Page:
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Meatless Mondays: veggie options in Montreal

The Meatless Mondays campaign is a worldwide bid to get people to have a smaller impact on the environment by eating less meat.

It officially launched in Quebec last week, but the organizers admit that for people used to eating “meat and two veg” it may be a difficult task.

But given the number of vegetarian restaurants and cooking classes, there really is no excuse.

Gigi Cohen and Jessica Watters are out to prove that meat can be eliminated from the menu without sacrificing nutrition or taste.

Cohen runs Café Harvard in NDG, where customers can order kosher vegetarian food or take one of her weekly cooking classes.

Down the street is Juicy Lotus, where Watters makes homemade vegetarian takeout.

The mother-daughter pair are bound by more than business interests.

Cohen started working at a health food store to learn how to feed her daughter.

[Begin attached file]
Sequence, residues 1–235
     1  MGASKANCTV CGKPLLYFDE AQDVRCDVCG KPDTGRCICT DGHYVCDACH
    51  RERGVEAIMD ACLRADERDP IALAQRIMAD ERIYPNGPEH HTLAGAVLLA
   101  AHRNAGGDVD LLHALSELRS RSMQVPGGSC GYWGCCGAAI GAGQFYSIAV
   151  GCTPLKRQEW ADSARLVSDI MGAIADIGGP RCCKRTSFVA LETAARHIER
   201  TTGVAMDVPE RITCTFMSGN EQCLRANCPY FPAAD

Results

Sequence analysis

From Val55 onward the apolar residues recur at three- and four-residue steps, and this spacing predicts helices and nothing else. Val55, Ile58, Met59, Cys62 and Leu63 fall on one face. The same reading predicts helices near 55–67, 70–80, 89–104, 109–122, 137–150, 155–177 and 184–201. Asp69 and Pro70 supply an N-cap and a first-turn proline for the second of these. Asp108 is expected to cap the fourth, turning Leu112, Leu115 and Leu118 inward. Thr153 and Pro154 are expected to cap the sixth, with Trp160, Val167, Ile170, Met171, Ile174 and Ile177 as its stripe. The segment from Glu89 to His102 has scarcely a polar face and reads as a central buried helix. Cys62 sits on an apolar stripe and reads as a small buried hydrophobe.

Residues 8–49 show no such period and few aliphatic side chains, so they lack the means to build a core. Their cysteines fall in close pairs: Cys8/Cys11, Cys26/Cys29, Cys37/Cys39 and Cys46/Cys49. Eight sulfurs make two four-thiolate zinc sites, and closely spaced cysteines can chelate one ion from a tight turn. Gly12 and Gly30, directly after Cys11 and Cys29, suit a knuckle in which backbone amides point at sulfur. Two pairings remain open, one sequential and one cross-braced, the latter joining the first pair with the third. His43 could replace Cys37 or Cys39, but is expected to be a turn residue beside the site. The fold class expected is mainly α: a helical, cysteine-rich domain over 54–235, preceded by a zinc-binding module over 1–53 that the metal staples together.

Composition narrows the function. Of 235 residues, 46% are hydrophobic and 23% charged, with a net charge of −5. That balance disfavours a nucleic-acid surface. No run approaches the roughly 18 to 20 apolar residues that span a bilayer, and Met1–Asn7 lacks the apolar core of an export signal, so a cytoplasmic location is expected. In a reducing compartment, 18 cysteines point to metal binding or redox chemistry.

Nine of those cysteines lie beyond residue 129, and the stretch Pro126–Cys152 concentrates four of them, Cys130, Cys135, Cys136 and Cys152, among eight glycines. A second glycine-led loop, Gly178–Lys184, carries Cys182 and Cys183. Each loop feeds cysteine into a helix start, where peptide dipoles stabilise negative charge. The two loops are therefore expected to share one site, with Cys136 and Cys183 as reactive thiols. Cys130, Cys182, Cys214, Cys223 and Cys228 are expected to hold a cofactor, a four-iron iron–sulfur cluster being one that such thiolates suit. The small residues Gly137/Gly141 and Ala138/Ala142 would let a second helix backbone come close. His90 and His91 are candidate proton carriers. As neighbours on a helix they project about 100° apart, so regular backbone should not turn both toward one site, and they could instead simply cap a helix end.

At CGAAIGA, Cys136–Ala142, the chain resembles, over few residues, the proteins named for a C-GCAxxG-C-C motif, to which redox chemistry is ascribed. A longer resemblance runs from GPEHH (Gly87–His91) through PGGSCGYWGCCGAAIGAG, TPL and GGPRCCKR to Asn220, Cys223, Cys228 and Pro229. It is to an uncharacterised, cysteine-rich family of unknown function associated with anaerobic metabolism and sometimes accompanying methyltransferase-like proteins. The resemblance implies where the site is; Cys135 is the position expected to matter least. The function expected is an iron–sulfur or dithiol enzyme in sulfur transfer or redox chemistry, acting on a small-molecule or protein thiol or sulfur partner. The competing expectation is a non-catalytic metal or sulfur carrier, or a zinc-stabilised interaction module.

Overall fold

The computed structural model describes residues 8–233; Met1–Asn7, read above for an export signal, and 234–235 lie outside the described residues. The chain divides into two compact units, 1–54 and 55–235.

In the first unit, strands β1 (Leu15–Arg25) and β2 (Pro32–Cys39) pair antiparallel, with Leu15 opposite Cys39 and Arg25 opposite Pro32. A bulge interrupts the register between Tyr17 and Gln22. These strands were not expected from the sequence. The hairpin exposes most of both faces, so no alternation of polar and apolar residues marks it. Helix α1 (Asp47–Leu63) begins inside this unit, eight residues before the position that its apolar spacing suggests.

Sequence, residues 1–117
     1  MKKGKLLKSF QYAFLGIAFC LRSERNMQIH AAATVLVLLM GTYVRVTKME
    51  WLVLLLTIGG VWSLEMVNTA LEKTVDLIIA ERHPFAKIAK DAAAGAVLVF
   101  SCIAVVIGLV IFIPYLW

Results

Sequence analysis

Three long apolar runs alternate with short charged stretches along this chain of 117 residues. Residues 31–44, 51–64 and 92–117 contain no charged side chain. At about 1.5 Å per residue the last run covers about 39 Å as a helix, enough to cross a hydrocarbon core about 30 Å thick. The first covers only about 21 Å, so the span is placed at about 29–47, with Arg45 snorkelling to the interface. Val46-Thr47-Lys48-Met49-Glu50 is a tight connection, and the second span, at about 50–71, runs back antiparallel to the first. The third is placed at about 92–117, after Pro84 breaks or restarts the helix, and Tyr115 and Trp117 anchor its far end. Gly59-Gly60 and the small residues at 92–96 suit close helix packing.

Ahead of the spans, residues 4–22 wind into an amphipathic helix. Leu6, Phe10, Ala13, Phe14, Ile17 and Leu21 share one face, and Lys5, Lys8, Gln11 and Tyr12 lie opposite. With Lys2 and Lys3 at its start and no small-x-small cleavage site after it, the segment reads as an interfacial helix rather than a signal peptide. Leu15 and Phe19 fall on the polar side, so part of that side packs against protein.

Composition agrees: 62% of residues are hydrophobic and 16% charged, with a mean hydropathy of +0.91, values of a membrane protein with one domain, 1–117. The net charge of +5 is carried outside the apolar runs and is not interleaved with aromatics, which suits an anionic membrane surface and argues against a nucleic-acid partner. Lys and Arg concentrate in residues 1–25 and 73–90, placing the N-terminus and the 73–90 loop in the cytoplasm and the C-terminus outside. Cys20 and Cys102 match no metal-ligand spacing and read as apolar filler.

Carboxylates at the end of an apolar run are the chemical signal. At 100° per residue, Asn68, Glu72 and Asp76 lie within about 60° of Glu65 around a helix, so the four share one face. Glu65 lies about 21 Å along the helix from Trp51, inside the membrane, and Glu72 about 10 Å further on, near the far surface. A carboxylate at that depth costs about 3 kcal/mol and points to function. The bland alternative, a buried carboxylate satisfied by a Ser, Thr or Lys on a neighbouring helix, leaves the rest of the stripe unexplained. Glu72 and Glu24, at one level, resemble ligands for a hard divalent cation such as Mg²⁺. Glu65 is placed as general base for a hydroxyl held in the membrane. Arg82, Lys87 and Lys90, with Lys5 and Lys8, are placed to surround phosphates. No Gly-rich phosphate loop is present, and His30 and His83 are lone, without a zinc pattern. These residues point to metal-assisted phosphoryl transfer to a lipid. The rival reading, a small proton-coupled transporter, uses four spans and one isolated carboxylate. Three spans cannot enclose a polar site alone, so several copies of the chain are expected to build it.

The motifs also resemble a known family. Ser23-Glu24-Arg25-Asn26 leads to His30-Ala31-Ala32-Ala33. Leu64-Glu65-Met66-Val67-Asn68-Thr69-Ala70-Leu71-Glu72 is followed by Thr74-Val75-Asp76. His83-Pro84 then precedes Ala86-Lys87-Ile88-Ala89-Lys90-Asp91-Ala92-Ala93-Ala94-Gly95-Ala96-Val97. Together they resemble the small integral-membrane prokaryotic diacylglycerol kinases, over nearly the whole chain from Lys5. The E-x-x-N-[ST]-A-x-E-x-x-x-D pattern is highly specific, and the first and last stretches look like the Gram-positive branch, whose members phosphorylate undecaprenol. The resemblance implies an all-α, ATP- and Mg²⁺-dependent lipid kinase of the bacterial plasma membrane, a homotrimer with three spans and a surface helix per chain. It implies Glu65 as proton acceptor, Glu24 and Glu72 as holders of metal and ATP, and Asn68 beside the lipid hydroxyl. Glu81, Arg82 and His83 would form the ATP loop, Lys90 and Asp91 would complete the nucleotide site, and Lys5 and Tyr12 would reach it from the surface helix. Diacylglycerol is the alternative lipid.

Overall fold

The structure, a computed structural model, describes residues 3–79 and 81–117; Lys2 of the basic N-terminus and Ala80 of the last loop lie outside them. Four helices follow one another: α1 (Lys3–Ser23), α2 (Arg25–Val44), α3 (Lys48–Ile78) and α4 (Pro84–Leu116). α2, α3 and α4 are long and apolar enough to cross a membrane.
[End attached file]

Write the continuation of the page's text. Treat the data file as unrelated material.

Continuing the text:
“Jessica was born and she had severe allergies to all meat protein, and I had no clue what to do,” said Cohen.

28 years later, they’re both old pros.

“I don’t think that meat is bad, but it’s just that I was raised not eating it as a health point,” said Watters. “I learned how to make food around not eating meat.”

Watters says one key is to ensure variety.

“We didn’t want to do lettuce salads, we didn’t want to do lettuce, tomato and carrots so we started looking for different ingredients,” said Watters. “My Mom really raised me about wide variety and colour.”

When the duo aren’t cooking, they like to dine out at Aux Vivres in the Plateau, where Co-owner Michael Makhan is knocking down myths about vegetarian cuisine.

“I think people get it into their heads that all we have is beans and rice and lentils,” said Makhan. “It’s like they had one soup or one something bland and that’s it, it’s over for them.”

Chu Chai has been dishing out fragrant Thai cuisine for thirteen years, but this vegetarian restaurant has meat all over the menu.

The only catch: it’s fake! A reproduction of meat’s texture using only vegetarian ingredients.

“Soya, seitan,konyaku which is family of the potato in Japan, seaweed to reproduce the seafood taste,” said Patrick Michaud.

The restaurant owner says his customers include strict vegetarians, committed carnivores and people like him, who he calls flexitarians.

“It’s a meat eater who realize that he can enjoy eating vegetarian,” said Michaud.

Many more options for vegetarian cuisine than when Cohen started meat-free cooking.

“It’s our calling,” said Cohen.

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